# Can't solve a difficult limit

I need to solve this limit $${\lim_ {x\to {+∞}}}{\frac{{x}(\sqrt{x^2 + x} - x) +\cos(x)\ln(x)}{\ln(1+\cosh(x))}}$$

I've tried to use Taylor's Theorem with Peano's Form of Remainder, but first time I forgot that $${x\to{+∞}}$$, so I made a substitution $${t=\frac{1}{x}}$$, then I just didn't get anything (I've got $${o({\frac{1}{t}})}$$ (or $${o((t-1)^3)}$$ and too complicated expression) which doesn't disappear). I've thought to use L'Hospital's rule, but there's a problem with defining indeterminate form. Here we have $${\cos(x)\ln(x)}$$ that sometimes becomes $${0\cdot∞}$$. Then I thought about the existence of this limit and... WolframAlpha says it doesn't exist. But the answer in my book is 1/2.

So now Ii don't know how to solve it or does it even exist or not. Can anyone give me at least a hint of how to solve this problem?

• Hint: $f(x)/g(x)$ can sometimes be usefully written as $(f(x)/x)\times(x/g(x))$. – Barry Cipra Nov 11 '19 at 22:34

Hint:

First the expression in two, and use equivalents:

We have $$\cosh x\sim_{+\infty}\frac12\mathrm e^x$$, so $$1+\cosh x\sim \frac12\mathrm e^x$$, and finally $$\ln(1+\cosh x)\sim_{+\infty}x-\ln 2\sim_{+\infty} x$$

. On the other hand, $$x(\sqrt{x^2 + x} - x)=\frac{x(\not x^2 + x - \not x^2)}{\sqrt{x^2 + x} + x}\sim_{+\infty}\frac{x^2}{2x}=\frac x2,$$ so that $$\frac{x(\sqrt{x^2 + x} - x)}{\ln(1+\cosh x)}\sim_{+\infty}\frac{\frac12 x}{x}=\frac 12.$$ Can you show that $$\frac{\cos x\ln x}{\ln(1+\cosh x)}\to 0?$$

• I understood! Thank you very much! – IPPK Nov 11 '19 at 23:13

Hint: Note that, for large $$x$$, $$\cosh x$$ behaves as $$\frac12e^x$$. So, $$\lim_{x\to\infty}\frac{\log(\cosh x)}x=1$$. And your limit is equal to$$\lim_{x\to\infty}\frac{\left(\sqrt{x^2+x}-x\right)+\frac{\cos(x)\log(x)}x}{\frac{\log(\cosh x)}x}.$$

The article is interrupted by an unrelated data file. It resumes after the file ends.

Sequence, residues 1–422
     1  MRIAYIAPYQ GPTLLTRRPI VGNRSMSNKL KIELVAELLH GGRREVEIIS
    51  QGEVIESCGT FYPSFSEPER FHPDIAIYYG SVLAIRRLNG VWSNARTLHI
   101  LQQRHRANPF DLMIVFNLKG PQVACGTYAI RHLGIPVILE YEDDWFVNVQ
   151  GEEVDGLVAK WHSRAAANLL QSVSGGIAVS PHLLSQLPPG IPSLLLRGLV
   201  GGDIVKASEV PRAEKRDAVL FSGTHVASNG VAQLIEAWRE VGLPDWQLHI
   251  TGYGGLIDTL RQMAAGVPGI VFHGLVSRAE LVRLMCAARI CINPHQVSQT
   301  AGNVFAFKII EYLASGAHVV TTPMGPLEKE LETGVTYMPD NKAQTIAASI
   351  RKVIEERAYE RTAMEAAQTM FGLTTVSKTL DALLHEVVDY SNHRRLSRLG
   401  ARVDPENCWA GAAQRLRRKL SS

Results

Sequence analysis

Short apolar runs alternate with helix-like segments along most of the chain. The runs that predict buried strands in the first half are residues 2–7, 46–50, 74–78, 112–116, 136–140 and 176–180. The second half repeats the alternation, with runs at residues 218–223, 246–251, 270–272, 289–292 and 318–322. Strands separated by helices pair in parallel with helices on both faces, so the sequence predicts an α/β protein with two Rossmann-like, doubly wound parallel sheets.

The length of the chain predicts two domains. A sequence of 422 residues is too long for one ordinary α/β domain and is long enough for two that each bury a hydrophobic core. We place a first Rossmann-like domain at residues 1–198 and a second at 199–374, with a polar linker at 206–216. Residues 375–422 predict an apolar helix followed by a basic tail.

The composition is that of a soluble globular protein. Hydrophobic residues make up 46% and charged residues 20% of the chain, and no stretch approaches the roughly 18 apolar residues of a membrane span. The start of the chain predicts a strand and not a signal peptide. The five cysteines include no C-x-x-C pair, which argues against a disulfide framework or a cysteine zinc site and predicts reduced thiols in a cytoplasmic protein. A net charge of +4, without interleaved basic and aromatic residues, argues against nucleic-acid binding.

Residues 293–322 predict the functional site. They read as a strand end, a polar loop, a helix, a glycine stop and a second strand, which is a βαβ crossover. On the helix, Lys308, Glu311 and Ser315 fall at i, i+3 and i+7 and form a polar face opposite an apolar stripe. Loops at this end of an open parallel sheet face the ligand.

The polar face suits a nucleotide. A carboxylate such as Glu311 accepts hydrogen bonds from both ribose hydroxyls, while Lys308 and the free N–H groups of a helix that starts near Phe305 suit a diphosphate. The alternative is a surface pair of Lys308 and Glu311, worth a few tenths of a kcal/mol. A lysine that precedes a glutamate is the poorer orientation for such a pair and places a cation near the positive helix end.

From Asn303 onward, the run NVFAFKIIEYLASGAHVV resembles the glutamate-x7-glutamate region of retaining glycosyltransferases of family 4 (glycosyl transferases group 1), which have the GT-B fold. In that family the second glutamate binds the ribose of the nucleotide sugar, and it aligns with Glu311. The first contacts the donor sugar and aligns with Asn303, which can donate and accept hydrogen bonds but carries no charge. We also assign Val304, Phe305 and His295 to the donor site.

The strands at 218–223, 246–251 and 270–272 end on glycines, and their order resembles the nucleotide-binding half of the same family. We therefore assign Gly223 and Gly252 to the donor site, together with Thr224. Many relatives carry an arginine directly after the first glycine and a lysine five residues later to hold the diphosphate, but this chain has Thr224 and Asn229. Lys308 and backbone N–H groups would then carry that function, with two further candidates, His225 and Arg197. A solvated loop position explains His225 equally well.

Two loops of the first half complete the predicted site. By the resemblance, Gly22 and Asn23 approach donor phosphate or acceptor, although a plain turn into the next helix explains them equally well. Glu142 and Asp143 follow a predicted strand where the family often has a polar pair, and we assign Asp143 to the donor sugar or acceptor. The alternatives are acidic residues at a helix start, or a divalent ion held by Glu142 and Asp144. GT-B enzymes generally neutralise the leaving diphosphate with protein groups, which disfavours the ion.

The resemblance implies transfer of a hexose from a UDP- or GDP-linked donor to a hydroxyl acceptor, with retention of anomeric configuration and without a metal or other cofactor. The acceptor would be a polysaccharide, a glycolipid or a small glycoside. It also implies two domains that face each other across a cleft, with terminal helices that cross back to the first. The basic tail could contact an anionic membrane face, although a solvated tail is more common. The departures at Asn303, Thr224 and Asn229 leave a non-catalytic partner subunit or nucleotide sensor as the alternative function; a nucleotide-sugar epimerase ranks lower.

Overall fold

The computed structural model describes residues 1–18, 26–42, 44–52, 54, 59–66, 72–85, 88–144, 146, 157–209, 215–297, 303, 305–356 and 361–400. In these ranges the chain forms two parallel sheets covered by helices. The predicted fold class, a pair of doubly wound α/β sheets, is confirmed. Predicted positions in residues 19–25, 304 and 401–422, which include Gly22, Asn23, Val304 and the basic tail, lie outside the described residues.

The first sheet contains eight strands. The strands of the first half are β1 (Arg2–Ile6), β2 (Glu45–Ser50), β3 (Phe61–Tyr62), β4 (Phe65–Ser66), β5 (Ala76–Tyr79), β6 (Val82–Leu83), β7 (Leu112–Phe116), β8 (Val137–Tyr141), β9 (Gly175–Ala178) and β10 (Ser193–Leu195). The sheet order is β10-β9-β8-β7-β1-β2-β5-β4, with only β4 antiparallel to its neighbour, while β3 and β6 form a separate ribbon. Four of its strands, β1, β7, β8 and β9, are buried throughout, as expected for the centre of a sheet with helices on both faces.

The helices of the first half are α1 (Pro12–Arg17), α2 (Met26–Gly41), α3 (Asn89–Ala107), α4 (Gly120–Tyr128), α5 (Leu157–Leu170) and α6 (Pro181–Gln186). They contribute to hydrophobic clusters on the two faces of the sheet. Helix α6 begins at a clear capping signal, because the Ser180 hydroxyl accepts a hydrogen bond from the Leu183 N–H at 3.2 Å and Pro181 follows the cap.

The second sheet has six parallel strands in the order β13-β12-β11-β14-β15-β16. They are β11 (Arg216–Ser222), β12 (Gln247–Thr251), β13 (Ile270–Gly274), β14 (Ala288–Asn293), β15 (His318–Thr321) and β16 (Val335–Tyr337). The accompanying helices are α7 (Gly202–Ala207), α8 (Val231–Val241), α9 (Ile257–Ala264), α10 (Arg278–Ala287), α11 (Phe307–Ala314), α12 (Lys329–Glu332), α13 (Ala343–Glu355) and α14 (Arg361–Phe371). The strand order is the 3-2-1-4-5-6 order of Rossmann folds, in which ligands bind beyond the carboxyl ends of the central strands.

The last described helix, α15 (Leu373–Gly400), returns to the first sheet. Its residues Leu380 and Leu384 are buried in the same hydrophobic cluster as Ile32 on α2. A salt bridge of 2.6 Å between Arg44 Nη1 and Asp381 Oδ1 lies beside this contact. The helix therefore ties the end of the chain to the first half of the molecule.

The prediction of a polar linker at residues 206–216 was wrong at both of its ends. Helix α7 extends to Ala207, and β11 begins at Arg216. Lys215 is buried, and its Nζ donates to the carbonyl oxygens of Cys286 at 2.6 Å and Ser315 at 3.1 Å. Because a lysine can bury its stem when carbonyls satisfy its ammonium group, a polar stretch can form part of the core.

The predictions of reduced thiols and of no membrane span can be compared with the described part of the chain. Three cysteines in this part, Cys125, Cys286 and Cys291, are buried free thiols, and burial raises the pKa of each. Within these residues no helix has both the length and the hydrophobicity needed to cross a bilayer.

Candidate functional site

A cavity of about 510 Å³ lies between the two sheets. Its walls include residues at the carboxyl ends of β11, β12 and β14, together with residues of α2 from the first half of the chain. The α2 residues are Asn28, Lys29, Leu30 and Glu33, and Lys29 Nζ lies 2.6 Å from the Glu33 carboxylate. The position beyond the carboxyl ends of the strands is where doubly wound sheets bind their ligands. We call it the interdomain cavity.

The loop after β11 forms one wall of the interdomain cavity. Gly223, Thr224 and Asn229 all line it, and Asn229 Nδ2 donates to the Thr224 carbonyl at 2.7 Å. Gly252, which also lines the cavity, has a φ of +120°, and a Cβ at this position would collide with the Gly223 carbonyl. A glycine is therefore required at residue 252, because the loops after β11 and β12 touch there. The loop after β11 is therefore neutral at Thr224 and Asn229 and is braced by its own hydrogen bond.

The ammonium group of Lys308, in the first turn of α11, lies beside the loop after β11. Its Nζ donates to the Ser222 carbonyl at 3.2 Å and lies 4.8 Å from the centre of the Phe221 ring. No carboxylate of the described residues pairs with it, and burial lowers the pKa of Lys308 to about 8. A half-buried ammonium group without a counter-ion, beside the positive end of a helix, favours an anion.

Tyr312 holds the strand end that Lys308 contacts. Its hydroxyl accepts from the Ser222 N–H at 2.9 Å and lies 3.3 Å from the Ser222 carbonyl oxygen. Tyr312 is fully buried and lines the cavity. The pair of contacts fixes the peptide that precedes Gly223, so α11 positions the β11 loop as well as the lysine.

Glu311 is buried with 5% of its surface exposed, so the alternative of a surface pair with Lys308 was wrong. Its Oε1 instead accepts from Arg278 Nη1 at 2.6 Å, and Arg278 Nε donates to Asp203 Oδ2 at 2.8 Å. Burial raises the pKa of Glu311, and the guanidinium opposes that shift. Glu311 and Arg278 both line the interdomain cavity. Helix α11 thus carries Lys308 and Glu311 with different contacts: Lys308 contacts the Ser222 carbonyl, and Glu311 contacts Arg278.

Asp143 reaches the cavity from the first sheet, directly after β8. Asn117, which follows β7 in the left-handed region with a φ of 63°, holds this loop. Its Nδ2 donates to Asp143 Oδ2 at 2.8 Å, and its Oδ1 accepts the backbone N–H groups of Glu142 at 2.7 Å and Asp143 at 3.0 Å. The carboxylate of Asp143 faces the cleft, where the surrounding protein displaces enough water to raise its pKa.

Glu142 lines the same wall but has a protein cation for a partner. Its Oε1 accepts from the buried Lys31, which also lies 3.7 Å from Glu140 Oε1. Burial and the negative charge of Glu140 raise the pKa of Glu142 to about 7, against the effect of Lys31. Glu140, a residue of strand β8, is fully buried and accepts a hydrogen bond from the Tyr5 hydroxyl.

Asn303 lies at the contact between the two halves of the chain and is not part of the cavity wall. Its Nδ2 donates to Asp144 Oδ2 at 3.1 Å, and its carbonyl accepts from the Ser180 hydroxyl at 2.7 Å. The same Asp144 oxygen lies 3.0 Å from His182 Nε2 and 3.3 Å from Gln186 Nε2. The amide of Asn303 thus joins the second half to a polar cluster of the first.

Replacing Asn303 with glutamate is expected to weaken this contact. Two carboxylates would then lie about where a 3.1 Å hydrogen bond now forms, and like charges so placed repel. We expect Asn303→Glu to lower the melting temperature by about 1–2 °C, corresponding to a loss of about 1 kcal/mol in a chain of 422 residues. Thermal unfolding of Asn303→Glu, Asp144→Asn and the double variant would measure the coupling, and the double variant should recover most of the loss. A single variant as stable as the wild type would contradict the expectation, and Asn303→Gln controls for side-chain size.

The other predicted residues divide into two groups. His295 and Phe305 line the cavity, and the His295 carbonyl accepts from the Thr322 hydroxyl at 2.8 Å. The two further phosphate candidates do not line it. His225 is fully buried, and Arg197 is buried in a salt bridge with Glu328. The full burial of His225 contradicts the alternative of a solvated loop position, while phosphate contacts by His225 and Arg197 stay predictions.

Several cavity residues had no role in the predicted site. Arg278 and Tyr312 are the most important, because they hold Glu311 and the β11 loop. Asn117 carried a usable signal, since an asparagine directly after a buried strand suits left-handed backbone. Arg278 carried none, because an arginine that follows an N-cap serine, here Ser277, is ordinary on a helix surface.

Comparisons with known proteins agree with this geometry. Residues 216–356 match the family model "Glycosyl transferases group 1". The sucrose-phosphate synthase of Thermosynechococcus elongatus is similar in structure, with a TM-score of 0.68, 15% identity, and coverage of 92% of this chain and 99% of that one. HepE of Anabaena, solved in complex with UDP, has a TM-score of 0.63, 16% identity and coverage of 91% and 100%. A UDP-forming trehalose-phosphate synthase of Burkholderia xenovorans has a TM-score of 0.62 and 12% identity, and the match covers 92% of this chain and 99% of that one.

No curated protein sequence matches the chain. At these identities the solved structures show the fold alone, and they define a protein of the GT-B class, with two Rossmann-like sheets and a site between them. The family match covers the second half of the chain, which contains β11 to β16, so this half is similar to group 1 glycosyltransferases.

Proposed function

• Thanks for the hint! – IPPK Nov 11 '19 at 23:14

You can start with the definition of $$\cosh x$$ and note that $$\log(1+\cosh x) =\log(e^x+e^{-x} +2)-\log 2=x+\log(1+e^{-2x}+2e^{-x})-\log 2$$ and hence $$\dfrac{\log(1+\cosh x)} {x} \to 1$$ as $$x\to\infty$$. Therefore we can replace $$\log(1+\cosh x)$$ by $$x$$ in the denominator (this is basically multiplying the given expression by the ratio $$(\log(1+\cosh x)) /x$$).

Based on numerator we can split the fraction in two parts and since $$(\log x) /x$$ tends to $$0$$ the second part has limit $$0$$ (remember $$\cos x$$ is bounded).

The desired limit is thus equal to the limit of $$(\sqrt{x^2+x}-x)$$ which is $$1/2$$ (that's the easiest part). Thus the problem entirely rests on the fundamental limit $$\lim_{x\to\infty} \frac{\log x} {x} =1$$ and the rest of it just plain algebraic manipulation.

We have that

• $$\ln(1+\cosh(x))\sim x$$

• $$\sqrt{x^2 + x} - x\sim \frac12$$

therefore

$${\frac{{x}(\sqrt{x^2 + x} - x) +\cos(x)\ln(x)}{\ln(1+\cosh(x))}}\sim \frac12 + \cos(x)\frac{\ln(x)}{x}\to \frac12$$

• There is a typo at the end. You need to write $(\ln x) /x$ instead of $\ln(x) x$. Just to clarify the downvote is not mine. – Paramanand Singh Nov 12 '19 at 4:58
• @ParamanandSingh Thanks I fix that! – user Nov 12 '19 at 8:17
• And if I am not wrong you were using the name gimusi earlier. It took me a while to figure this out :) – Paramanand Singh Nov 12 '19 at 9:58
• @ParamanandSingh Yes your guess is right! – user Nov 12 '19 at 10:23